Assemblies: You can now edit parts and assemblies while in express mode without having to open them in a new window.
The joint command has been improved with options to place joints between two part faces or with an offset origin. Joints can now be aligned to work features.
Even the frame generator has seen a little love with a new option to re-use frame members, helping you to keep your BOM/parts list correct without having to cheat.
Drawings: New features in the drawing environment include a parent sheet name property for parent views and the option to automatically sort parts lists (that may not sound sexy, but it would have saved me a lot of time over the years).
There is a new ‘Fast open’ option to open drawings without attempting to resolve any files referenced by the drawing. Handy for checking a dimension or generating a quick plot.
Under the hood: The Wrap to surface command is reported to be 50 per cent faster and Express mode has been improved for drawing view creation.
Shelling and Tapered extrusions now handle more complicated geometries with a taper angle anywhere from 0 to 90 degrees.
Cloud collaboration: Inventor 2015 comes pre-installed with plug-ins to send your design to your Mockup360 (Cloud hosted model collaboration) or Configurator 360 (Cloud based design configurator) accounts.
Application manager: The Autodesk application manager will be installed automatically with all Autodesk 2015 products. It sits on your machine monitoring for updates from Autodesk.
When it finds one it prompts you to download and install the update with a single click, in a similar fashion to a Windows update.
I love the attention that the Inventor development team have given to the existing customer base via the Beta Forums, Autodesk Labs and the Inventor IdeaStation.
For those of us that use Inventor every day, it’s the little improvements that we really appreciate (horizontal and vertical sketch constraint indicators alone will save hours of frustrated picking).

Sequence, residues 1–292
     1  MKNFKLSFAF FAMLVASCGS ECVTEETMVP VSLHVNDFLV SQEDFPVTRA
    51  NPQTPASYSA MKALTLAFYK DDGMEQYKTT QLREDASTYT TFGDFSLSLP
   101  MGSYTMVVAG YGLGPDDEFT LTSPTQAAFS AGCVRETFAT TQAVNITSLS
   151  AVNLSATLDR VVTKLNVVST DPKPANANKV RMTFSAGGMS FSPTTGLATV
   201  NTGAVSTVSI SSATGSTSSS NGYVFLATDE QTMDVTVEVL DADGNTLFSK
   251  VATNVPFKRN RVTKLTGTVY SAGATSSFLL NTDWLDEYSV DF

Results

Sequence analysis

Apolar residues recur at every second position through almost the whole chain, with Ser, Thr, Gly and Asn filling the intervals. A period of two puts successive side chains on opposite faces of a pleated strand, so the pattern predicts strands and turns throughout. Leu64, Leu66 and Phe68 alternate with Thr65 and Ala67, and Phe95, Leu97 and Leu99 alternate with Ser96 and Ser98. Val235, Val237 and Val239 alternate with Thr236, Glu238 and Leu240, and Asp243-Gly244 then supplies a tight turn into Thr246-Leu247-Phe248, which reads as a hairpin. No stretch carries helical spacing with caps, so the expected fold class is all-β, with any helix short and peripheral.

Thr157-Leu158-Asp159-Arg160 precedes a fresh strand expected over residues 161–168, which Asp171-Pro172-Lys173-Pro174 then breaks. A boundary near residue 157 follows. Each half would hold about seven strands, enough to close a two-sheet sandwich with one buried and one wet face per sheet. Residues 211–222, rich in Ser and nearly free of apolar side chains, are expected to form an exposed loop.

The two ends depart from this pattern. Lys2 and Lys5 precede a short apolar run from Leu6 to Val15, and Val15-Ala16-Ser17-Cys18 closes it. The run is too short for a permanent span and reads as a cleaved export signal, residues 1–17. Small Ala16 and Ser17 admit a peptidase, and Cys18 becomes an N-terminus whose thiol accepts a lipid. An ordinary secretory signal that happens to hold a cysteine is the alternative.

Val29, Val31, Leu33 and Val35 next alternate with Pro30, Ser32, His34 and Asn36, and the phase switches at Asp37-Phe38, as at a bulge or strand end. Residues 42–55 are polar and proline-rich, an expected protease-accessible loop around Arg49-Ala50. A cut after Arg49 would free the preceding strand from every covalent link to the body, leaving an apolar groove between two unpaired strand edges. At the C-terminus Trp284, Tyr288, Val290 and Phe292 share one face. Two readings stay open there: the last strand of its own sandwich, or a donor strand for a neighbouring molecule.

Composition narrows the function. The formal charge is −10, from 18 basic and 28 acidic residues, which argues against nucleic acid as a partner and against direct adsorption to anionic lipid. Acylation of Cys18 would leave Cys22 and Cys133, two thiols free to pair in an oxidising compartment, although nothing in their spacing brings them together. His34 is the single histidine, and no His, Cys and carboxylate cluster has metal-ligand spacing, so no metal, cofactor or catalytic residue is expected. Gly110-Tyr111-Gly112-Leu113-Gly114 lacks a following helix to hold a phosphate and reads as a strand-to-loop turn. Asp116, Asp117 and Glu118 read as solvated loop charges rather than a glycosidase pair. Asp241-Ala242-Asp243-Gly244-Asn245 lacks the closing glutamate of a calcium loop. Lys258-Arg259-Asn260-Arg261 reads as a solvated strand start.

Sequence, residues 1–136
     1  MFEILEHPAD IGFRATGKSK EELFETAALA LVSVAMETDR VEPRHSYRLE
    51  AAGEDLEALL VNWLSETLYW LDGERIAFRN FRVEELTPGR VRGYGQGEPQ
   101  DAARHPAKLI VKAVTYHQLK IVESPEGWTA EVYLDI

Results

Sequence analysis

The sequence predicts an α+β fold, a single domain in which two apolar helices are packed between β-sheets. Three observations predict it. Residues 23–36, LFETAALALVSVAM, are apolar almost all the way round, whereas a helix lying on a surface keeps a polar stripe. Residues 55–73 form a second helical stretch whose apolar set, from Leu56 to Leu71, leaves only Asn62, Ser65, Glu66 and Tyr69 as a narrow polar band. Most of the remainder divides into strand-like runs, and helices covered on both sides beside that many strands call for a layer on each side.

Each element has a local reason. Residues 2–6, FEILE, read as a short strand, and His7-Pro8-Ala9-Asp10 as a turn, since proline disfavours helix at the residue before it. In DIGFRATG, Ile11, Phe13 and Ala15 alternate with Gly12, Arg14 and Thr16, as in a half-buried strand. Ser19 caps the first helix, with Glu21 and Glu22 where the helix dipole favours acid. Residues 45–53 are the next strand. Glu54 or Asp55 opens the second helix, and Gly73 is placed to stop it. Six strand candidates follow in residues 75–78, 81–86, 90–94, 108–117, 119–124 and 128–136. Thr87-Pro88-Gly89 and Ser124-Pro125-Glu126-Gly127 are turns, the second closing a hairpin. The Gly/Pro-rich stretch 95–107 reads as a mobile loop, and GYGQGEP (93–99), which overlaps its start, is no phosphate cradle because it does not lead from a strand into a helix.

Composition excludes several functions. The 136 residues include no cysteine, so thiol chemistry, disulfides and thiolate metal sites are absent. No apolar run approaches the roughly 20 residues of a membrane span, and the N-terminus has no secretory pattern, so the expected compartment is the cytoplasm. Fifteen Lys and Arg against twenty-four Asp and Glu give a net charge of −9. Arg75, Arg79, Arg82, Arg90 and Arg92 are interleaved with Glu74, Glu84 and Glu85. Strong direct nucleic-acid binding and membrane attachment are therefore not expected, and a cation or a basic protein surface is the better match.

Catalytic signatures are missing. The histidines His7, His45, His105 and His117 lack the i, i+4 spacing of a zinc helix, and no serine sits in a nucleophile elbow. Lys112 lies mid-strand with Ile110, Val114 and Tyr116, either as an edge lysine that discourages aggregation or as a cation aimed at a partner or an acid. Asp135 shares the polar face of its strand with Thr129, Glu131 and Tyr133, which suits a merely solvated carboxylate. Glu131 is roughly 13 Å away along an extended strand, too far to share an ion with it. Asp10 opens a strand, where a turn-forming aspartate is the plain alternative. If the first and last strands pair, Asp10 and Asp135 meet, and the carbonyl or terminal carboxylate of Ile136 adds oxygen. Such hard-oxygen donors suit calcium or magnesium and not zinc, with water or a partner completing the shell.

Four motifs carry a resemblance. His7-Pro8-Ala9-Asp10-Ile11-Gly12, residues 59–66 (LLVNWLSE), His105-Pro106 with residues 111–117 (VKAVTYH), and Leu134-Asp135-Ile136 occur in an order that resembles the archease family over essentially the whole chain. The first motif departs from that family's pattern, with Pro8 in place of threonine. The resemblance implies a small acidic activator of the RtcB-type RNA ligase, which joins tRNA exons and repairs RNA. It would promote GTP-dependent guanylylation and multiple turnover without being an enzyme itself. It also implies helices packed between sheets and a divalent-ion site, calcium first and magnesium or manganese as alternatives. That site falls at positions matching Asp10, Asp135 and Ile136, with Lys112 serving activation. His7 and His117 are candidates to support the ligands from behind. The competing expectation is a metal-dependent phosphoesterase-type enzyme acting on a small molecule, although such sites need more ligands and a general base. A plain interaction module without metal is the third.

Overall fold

T-Splines in Inventor is welcome, but extremely limited next to the far more sophisticated implementation in Fusion 360.
The cynical side of me wonders whether Autodesk could have included more functionality, but decided to hold back so that there would be something for us to look forward to Inventor 2016.
Direct editing in Inventor has been nicely handled, but it feels like Autodesk is responding, to developments in rival CAD packages rather than innovating with this feature set.
My view is that Autodesk has the balance of maintenance and improvement just about perfect, but it might take a couple more releases until the housework is finally caught up with and they have a platform ready for some real innovation.
My disappointments aside, I’ve really enjoyed working with Inventor 2015. I will certainly be installing it for my team, and I really think that they are going to get a big kick out of using it.
Paul Munford is CAD/CAM manager for Halstock cabinet makers in sunny Dorset, UK.
Paul uses digital prototyping techniques to create manufacturing drawings for all the lovely bits of fine furniture that finish off the inside of buildings.
In his spare time Paul talks about CAD far too much if you’ll let him and writes the CADsetterout blog